Just finished a pair of enjoyable reads with, let’s just say, disparate themes on adolescent coping.
The first, Bill Bryson’s memoir “The Life and Times of the Thunderbolt Kid” (Broadway Books, 2006), delivers a hilarious look at American life through juvenile eyes in the 1950s. The second, Dan Erickson’s fact-based novel “A Train Called Forgiveness” (Amazon, 2012), recounts a young man’s struggle with a mind messed up from six years of torment and abuse as a teenager in a religious-based cult in the 1970s.
Don’t know which rock I’d been under to miss Bryson’s work until now. If you have an oversized butt, reading this could very easily laugh off a size or two.
Bryson writes of a childhood where disagreeable persons are effectively zapped into inconsequence with an imaginary ray. Along the way, he enjoys the freedom of just being a kid during a time portrayed as one of the happiest and best in American history. He puts a face on Des Moines, Iowa, that looks very much like Anywhere, USA, with multiple story lines and images that should be familiar to anyone who lived during the Eisenhower administration. Sorta reminded me of “A Christmas Story” without the holiday.
Family dysfunction gets shrugged off as Bryson finds humor in the quirks of his parents, siblings, grandparents, aunts, uncles and childhood friends. Television, consumerism, anti-communism and fear of atomic destruction are all addressed from past and present views. Thought I knew all about the 1950s from my own experiences, but Bryson showed just how much I didn’t know. Or had forgotten.
Dan Erickson takes a decidedly more serious look at coping through the mind of Andy Burden, a boy delivered into a Washington state religious-based cult by his parents and deeply scarred by the ordeal. Forced to work long hours on a communal farm and punished by a self-proclaimed Moses for not doing enough, he grows to resent what he considers a gross denial of adolescence.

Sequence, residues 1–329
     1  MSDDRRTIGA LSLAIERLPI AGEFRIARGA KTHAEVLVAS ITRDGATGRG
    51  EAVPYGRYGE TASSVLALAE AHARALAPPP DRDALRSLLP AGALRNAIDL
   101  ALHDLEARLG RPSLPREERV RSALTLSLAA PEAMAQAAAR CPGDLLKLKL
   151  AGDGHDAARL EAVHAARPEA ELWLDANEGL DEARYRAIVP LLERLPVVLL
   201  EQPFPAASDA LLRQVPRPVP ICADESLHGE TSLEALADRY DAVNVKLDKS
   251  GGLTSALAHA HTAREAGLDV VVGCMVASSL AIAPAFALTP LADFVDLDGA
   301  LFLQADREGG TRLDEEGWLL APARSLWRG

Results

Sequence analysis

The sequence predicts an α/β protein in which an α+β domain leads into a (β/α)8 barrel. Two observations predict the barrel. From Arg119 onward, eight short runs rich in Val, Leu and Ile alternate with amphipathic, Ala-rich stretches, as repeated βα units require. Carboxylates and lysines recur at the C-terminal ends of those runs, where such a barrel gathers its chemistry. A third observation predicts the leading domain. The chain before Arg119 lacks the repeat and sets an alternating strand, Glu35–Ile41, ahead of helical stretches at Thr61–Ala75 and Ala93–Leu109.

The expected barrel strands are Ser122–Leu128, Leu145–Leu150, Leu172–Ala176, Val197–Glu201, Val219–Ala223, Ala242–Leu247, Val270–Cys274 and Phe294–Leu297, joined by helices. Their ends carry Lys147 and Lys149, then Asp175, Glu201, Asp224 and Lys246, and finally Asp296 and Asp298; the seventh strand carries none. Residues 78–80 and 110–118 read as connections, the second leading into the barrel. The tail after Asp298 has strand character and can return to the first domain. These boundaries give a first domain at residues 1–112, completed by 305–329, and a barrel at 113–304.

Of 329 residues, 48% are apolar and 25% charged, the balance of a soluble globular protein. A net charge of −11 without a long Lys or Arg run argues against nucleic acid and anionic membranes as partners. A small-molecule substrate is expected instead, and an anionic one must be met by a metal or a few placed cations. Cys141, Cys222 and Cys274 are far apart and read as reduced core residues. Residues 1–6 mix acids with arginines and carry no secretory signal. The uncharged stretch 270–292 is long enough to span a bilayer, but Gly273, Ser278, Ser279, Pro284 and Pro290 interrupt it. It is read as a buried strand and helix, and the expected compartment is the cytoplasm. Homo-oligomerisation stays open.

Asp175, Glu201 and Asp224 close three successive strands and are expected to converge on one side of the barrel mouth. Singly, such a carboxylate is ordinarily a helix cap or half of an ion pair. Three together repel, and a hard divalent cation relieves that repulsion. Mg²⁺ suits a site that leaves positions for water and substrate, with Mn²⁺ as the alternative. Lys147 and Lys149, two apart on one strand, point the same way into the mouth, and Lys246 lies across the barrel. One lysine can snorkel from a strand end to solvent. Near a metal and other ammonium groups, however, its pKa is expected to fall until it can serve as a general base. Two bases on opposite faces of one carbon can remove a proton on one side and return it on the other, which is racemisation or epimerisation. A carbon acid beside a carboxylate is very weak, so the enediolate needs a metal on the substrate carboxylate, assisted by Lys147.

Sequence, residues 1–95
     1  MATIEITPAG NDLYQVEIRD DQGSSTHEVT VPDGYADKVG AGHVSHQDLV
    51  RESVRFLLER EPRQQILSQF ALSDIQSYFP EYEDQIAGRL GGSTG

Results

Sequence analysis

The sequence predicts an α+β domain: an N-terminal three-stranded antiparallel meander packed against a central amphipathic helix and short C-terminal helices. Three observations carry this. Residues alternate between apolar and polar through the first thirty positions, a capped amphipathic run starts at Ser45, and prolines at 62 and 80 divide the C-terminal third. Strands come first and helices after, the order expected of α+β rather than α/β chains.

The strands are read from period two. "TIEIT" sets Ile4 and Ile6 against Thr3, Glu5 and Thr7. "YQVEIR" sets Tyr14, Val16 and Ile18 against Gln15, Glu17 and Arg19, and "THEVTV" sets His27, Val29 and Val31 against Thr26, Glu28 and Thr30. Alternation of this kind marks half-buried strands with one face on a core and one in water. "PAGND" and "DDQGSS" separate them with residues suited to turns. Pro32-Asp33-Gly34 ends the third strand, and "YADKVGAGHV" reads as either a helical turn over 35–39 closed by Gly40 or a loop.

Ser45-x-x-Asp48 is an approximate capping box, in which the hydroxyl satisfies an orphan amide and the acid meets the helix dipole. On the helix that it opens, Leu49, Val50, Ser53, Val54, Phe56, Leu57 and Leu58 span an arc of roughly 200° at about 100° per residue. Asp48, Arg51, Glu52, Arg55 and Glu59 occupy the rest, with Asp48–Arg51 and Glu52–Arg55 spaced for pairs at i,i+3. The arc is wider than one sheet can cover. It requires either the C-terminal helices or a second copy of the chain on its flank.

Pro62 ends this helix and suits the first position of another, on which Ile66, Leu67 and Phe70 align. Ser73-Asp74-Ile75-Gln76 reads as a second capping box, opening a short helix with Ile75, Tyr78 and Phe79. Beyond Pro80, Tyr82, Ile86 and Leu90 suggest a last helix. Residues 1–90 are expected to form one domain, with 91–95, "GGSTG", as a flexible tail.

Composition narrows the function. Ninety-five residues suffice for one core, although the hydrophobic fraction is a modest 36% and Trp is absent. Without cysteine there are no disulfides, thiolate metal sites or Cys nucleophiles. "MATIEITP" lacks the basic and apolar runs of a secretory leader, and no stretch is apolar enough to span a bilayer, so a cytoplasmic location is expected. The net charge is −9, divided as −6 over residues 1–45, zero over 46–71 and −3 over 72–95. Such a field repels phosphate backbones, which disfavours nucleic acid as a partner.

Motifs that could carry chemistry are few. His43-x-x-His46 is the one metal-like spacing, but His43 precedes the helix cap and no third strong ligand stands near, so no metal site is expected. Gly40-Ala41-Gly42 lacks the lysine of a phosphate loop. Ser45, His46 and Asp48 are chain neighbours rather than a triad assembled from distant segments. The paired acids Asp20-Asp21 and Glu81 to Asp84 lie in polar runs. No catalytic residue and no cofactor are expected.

I was drawn to this book by reports that it is a fictionalized account of the author’s real-life experiences in a cult in my hometown while I was away at college and later working in Alaska. The story unfolds through the transcribed notebooks of Burden, a schizophrenic songwriter and convenience store cashier tormented by voices from his cult days. The voices remind him of his unworthiness, threaten to come after him and promise punishment for his disloyalty.
Fortunately, Burden also hears a single comforting voice in his head for at least a morsel of courage and self-assurance, enough to stop self-medicating with drugs and alcohol and deal with his suppressed feelings in musical and lyrical composition. That takes him to Nashville on a pathway of discovery and forgiveness aided by insights gleaned from a cast of fellow dysfunctionals and social outcasts who help and befriend him.
Easy to say it’s all about forgiveness. Harder to find and apply it.
Despite his heavier theme, Erickson’s book, the first in a cult trilogy, is a quick read that, much like Bryson’s, you won’t want to put down until it’s finished.
For the record, a voice in my head made me write this review.